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Summarising the differences between deciduous and coniferous woodland.

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Introduction

Ecology Report: Summarising the differences between deciduous and coniferous woodland. This report will attempt to explain some differences in energy flow and nutrient cycles between two types of woodland: deciduous and coniferous, using secondary data, and primary data collected during fieldwork. I predict that a greater amount of energy passes through a deciduous woodland ecosystem than a coniferous one. I think that as leaves fall from deciduous trees, primary consumers use them to create energy. At these times the canopy disappears and more sunlight reaches lower levels, also creating more energy. These factors mean more all-round energy, more animals and a more 'alive' ecosystem. The world's coniferous woodlands are generally in colder areas that receive less sunlight, and the permanent canopy prevents sunlight from reaching lower levels. The fieldwork site, Constitution Hill Viewpoint, is set on a hill in a residential area in Poole. It is mixed woodland, containing small areas of deciduous and coniferous woodland. Conifers at the site are mainly Scots Pine, whilst Oak is the dominant broad-leaved deciduous tree. Being mixed woodland, our samples might not show clearly contrasting results because of an overlap of the woodland, but samples were taken from as clearly defined areas as the site would allow. ...read more.

Middle

(Jones & Jones, 1997). One example is the Crested Tit who feeds on beetles, but also eats spiders. A food web is therefore a collection of interrelated food chains. Nutrient Cycling "Ecosystems are self-sustaining. One of the reasons is because they recycle nutrients." (Dawson, 2003) The Carbon and Nitrogen Cycles depict how carbon and nitrogen flow within ecosystems. Carbon in the atmosphere is mostly Carbon Dioxide (CO2), which plays an important role in supporting life. As far as woodland ecosystems are concerned, carbon is taken from the atmosphere by plants, which use photosynthesis to convert carbon dioxide into carbohydrates. These carbohydrates are passed on to animals during feeding. CO2 is released back into the atmosphere through respiration performed by plants and animals. CO2 is also put back into the atmosphere when fungi and bacteria break down the carbon compounds in dead animals and plants, converting the carbon to CO2. Woodland areas store large quantities of carbon as peat and other fossil fuels, such as coal, which accumulate when "dead plant material cannot rapidly be broken down by decomposers, such as where soils are waterlogged and oxygen is in short supply" (Jones & Jones, 1997). ...read more.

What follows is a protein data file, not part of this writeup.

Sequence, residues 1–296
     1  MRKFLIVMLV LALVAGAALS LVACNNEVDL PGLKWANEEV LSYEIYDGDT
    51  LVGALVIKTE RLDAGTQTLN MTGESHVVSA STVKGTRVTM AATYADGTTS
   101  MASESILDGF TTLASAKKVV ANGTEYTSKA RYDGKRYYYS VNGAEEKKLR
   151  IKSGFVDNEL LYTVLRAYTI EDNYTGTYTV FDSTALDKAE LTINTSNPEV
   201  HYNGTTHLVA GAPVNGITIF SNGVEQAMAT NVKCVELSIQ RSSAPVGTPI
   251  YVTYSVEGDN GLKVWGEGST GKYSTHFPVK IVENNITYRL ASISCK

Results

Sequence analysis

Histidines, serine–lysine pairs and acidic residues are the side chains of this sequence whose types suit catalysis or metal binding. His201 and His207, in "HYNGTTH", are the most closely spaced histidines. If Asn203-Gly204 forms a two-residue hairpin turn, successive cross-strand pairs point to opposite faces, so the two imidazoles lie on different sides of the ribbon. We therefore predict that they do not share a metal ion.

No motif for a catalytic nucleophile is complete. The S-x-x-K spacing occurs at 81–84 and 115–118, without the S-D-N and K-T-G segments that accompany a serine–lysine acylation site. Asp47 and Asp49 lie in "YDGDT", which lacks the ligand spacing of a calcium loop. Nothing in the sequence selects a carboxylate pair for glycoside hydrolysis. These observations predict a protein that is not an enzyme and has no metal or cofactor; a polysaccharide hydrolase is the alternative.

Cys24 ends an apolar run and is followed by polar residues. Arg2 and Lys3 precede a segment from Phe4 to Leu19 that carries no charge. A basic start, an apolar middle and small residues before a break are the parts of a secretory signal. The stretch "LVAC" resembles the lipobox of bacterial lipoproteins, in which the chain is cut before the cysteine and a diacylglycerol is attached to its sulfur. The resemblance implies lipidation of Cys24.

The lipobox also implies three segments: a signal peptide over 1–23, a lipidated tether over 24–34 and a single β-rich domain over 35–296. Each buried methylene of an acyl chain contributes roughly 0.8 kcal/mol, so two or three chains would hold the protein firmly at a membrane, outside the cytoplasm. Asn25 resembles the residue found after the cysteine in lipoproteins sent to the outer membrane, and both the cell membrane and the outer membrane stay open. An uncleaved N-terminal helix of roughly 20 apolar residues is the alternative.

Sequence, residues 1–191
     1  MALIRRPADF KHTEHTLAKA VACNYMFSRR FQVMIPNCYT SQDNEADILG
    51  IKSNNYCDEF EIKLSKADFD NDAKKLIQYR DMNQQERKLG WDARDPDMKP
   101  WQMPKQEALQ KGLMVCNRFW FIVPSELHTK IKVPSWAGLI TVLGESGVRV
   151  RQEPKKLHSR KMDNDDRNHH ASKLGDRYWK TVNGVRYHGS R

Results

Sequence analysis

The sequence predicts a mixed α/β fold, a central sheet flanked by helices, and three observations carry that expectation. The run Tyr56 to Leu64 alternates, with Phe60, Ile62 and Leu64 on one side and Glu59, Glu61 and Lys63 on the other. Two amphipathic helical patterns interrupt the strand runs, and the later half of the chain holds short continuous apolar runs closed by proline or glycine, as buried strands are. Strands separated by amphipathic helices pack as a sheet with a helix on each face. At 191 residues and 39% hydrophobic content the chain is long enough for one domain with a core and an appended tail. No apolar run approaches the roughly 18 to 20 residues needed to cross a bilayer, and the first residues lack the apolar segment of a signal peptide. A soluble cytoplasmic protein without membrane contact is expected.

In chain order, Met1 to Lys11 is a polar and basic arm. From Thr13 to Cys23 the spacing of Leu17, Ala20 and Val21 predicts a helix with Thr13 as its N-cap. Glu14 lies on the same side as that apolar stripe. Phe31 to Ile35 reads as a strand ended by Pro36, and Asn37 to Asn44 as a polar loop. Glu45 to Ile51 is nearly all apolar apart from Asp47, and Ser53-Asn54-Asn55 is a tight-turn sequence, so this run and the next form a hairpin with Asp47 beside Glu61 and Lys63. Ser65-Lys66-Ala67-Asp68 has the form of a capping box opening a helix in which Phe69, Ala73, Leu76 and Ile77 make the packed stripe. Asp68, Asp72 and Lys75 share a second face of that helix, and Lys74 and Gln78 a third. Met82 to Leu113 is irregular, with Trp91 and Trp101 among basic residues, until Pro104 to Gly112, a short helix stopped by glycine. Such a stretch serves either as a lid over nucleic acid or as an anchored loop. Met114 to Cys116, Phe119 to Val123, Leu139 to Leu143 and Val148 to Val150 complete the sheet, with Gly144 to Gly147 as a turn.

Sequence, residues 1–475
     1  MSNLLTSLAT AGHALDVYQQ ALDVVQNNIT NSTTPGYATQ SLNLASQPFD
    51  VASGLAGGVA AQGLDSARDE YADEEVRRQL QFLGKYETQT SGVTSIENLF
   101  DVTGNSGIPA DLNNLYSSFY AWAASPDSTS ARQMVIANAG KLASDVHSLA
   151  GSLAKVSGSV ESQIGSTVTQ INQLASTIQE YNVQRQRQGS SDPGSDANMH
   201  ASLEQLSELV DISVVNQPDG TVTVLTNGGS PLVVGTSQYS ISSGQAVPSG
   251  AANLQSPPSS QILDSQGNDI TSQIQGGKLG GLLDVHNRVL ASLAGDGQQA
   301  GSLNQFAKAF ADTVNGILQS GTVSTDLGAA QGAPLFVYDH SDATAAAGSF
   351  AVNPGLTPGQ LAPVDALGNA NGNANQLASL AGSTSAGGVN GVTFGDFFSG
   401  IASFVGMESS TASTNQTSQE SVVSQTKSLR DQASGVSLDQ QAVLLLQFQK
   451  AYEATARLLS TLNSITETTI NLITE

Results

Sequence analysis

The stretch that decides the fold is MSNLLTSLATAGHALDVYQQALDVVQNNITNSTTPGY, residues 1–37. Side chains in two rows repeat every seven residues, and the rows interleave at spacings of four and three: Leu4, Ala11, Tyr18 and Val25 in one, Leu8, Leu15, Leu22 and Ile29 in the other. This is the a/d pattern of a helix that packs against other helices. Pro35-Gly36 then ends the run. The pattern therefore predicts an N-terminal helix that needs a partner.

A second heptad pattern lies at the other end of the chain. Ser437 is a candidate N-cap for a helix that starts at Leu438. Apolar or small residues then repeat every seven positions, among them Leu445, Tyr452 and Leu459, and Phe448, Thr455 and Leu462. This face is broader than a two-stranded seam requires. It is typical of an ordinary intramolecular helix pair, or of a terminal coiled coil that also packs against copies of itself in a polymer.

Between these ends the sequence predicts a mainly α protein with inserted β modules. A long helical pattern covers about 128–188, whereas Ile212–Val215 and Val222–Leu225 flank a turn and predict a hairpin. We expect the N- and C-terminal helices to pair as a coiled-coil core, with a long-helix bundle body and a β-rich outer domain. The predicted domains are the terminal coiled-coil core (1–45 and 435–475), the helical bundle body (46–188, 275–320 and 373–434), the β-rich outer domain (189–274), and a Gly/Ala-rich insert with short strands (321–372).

Conclusion

4 3 4 1 2 1 4 1 2.5 Light reading at ground level (A-H) A B A D A A A A A or B Light reading at 2m (A-H) F F F E C E C D E Soil pH (mean) 5.2 Secondary data: Mean readings taken in Nagshead Nature Reserve Deciduous Woodland Coniferous Woodland Mean Soil pH 5.72 4.95 Mean leaf litter (cm) 1.9 5 Mean soil moisture (1-10) 6.81 3.95 Mean light (ground) (0-10) 3.3 0.7 Mean light (2 metres) (0-10) 5.5 1.2 From "Ecosystems and Human Activity" (1994) RSPB Conclusion The primary and secondary data show a clear difference between the woodlands. The depth of humus and litter layers is greater in coniferous areas, while deciduous woodland receives more light below the canopy. Soil holds more moisture, and is less acidic, in deciduous areas. Acidic conditions in coniferous woodland effect the speed of nutrient processing. There are fewer decomposers, hence deeper layers of humus and litter. The food chains and food webs support the findings that there are more nutrients available to animals and plants. Food chains can be longer in deciduous woodland ecosystems because there is more energy available, while food webs can be larger and more varied for the same reason. ...read more.

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Here's what a teacher thought of this essay

3 star(s)

This essay lacks the attention to detail and use of appropriate A level biological and scientific language to gain more than three stars. The nutrient cycle theory is not clearly linked to the field work.

3 Stars

Marked by teacher Adam Roberts 25/10/2014

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